Miss Snark Hopes This Is A Joke

Dear Ms. Snark,

I am confused - I give up - can’t take it anymore. I feel the need to jump off the writers bridge any moment. I appreciate your advice on my early question. Now I have another problem. Gee, am I allowed to have two in one month…I will dwell on this issue later.

After reviewing several of the posts on your site, I crammed my nerves together and wrote to my agent asking what publishers had seen my MS over the last six months. She had never offered before and I had not asked before, this was the first. I know it is a huge no-no to ask what person but I thought it was okay to ask what publisher. I was gentle in my question as to not come across mean. Can you say BIG MISTAKE? I can. The response I received basically ripped out my heart. I was told it was none of my business. Her comment was that I was no different from every other author, it was all about me. She then revealed she had a more then serious lead and would follow-up on it as it was in her contract to do so. Who knew – not me as she never shared this tasty morsel before. I sent her an apology e-mail because I felt terrible after her two page attack response. She never responded. After four boxes of Kleenex and a bucket of gin I don’t know what to think.

I know agents are riddled with work. I also know agents work their tails off for their clients. Yet I don’t believe I have crossed any lines. Or have I? (1) If I had been mean that would be one thing, but my e-mail was also filled with how much I appreciated all her hard work. Do I run for the hills (2) or start looking for a new agent? (3) Needless to say, my confidence level fell under the carpet somewhere. Miss Snark, I humbly ask for your guidance.

One last tid bit - This person was my editor first – after I paid $5,000.00 to have her edit my fictional novel (80,000 words) she became my agent. Do I smell Idiot of the Year award? (4) Or is this typical?(5)

1. No
2. Yes
3. Yes
4. Yes
5. No

Miss Snark truly hopes this is a joke. Really. She hopes you're pulling her delicately shod left foot with a big yuk yuk yuk to be enjoyed by all.

If not, you've been scammed.

"Agents" who yell at you for asking where your work is are to be avoided at all costs. It's one of the Seven Red Flags of Scam Artists. Any legitimate agent who does so is an idiot. No exceptions.

"Agents" who charge you money to edit your novels are scamming you. No exceptions.

"Agents" who tell you that they have one lead to follow up and they'll do so cause it's in their contract are scamming you.

If you signed with her without checking the P&E list, yes you are a nitwit.
If she's not ON the P&E list, please email them post haste, tell them Miss Snark sent you, and please report this.

And if you're pulling Miss Snark's leg about this situation, Killer Yapp will track you down and explain why you are "not quite right".


Eileen said...

"After four boxes of Kleenex and a bucket of gin I don’t know what to think."

I know what to think... sounds like your agent is a complete and utter cow. She is not even poodle piddle worthy. Run for it.

Anonymous said...

Make sure the agent isn't one of this lot Lots of posts on AW about each and every one.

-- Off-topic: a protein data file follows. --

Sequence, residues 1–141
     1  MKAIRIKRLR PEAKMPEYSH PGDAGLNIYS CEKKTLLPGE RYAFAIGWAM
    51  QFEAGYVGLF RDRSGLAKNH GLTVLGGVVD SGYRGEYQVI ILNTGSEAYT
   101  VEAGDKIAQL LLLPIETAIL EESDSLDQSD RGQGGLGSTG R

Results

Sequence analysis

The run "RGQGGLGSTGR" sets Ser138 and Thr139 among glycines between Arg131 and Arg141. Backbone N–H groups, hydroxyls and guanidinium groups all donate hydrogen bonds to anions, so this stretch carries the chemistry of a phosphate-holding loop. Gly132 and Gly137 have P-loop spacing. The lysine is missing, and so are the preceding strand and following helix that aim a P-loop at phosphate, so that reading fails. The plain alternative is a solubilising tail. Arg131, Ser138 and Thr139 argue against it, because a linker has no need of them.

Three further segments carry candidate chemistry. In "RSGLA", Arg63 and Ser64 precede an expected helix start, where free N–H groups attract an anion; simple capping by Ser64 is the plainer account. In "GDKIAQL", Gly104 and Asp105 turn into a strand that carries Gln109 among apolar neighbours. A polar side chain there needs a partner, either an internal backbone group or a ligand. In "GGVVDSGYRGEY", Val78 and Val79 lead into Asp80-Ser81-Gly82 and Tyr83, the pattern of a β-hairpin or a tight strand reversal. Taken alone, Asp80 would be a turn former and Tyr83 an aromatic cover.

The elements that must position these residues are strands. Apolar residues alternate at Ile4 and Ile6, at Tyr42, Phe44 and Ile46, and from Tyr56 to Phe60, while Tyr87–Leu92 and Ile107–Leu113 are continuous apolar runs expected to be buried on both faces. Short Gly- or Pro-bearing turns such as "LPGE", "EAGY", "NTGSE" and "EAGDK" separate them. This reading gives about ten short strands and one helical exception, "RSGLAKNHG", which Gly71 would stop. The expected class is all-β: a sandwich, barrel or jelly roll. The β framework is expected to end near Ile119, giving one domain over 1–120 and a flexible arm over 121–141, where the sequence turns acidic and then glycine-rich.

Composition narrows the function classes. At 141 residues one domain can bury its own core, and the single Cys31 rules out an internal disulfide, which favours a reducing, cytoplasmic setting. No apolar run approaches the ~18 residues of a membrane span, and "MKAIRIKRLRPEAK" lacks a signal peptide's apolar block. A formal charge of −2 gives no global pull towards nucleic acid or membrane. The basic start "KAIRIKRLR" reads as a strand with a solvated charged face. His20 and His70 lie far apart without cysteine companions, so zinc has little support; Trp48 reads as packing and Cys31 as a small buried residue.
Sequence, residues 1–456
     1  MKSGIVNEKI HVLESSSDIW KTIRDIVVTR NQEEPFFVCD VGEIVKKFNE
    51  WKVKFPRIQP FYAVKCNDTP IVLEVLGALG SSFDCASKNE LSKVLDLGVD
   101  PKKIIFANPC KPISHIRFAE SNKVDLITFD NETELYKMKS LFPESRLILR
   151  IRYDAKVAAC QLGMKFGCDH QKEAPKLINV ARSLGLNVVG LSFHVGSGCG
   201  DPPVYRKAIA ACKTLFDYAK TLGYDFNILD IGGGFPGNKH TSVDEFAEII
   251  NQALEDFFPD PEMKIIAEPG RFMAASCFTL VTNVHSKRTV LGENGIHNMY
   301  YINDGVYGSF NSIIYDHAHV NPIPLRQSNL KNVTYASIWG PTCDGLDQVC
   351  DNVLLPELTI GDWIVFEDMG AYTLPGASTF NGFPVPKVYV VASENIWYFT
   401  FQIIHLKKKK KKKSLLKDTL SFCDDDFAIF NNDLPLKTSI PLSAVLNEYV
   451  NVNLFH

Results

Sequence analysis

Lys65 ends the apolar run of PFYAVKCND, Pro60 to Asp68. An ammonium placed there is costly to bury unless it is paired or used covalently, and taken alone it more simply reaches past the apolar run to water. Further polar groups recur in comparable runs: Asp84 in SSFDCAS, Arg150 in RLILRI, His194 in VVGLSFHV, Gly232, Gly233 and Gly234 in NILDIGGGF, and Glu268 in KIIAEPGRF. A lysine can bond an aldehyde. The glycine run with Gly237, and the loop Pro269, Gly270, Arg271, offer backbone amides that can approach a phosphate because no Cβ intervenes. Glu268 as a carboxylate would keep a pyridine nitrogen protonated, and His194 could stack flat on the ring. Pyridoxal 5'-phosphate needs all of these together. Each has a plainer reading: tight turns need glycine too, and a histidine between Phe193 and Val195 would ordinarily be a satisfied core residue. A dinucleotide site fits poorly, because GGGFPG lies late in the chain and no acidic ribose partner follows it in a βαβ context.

Kendall said...

Also, check with Writer Beware (beware at sfwa.org)...although they're part of SFWA, I don't think they only track SF/F/H scam agents -- I think they try to track all scammers.

Stijn Hommes said...

Also, $5000 is entirely too much for an edit job. You can easily have a good edit done for under $1000, probably even less.

Agents are supposed to sell your work. Editing is for editors to do.

December Quinn said...

Oh, dear. This is so awful I can't even fathom the awfulness.

It's not your fault, OP, if you're telling the truth. Just hie thee to P&E.

Dana Y. T. Lin said...

$5K? and a 2-page nasty email?


Yes, yes, tell P&E right away!!!

Kat said...

Gah. I just feel bad for this poor author. At least she figured out something was wrong. (Go you! Now dump that so-called agent and go on to better things.)

I wonder how many people are in the same boat, being ripped off and bullied by their fake agent and thinking that this is how publishing works. It makes the heart hurt.

Please, everyone, check Preditors and Editors. Email Writer Beware. Check the AAR listings. Read the handbooks. Don't fall for it.

Anonymous said...

*please* help us all avoid this "agent" in the future, please please report her to all of the above mentioned groups that monitor such shit.

Thank You,

aruna said...

And, just to make things easier for you, here are the links:
P&E: http://www.anotherealm.com/prededitors/

Writer Beware:

Absolute Write Bewares and Backgroud check:

(Would be good if you'd post the name of this "agent" (read: scammer) there)

Bernita said...

This is tragic.

Janny said...

If this isn't a joke, this is truly scary, only because there are still people out there who will accept treatment like this. (!)

This reminds me of a person I met a couple of years ago who had "representation" by a supposedly reputable agency...for eighteen months, at $100 per month for "expenses." (As she put it, "My agent says it takes a lot of money to mail copies out." I said, "At $100 a month, sweetie, you should have saturated the known publishing world with copies by now.")

Needless to say, the book hadn't sold in those eighteen months. Even worse, however, was when I offered to look at some of the manuscript and critique it for this woman, the stuff I looked at was really, really weak--in fact, it was not in salable condition. Yet (of course) this agent had told the author that the book was "great" and that it should be only a matter of time before it sold, since the agent was taking it to "book fairs" and publishing conventions to "find publishers" for it. And this girl reassured me her agent was really trying, because she was showing it at all these writers' conferences to lots of publishers at one time!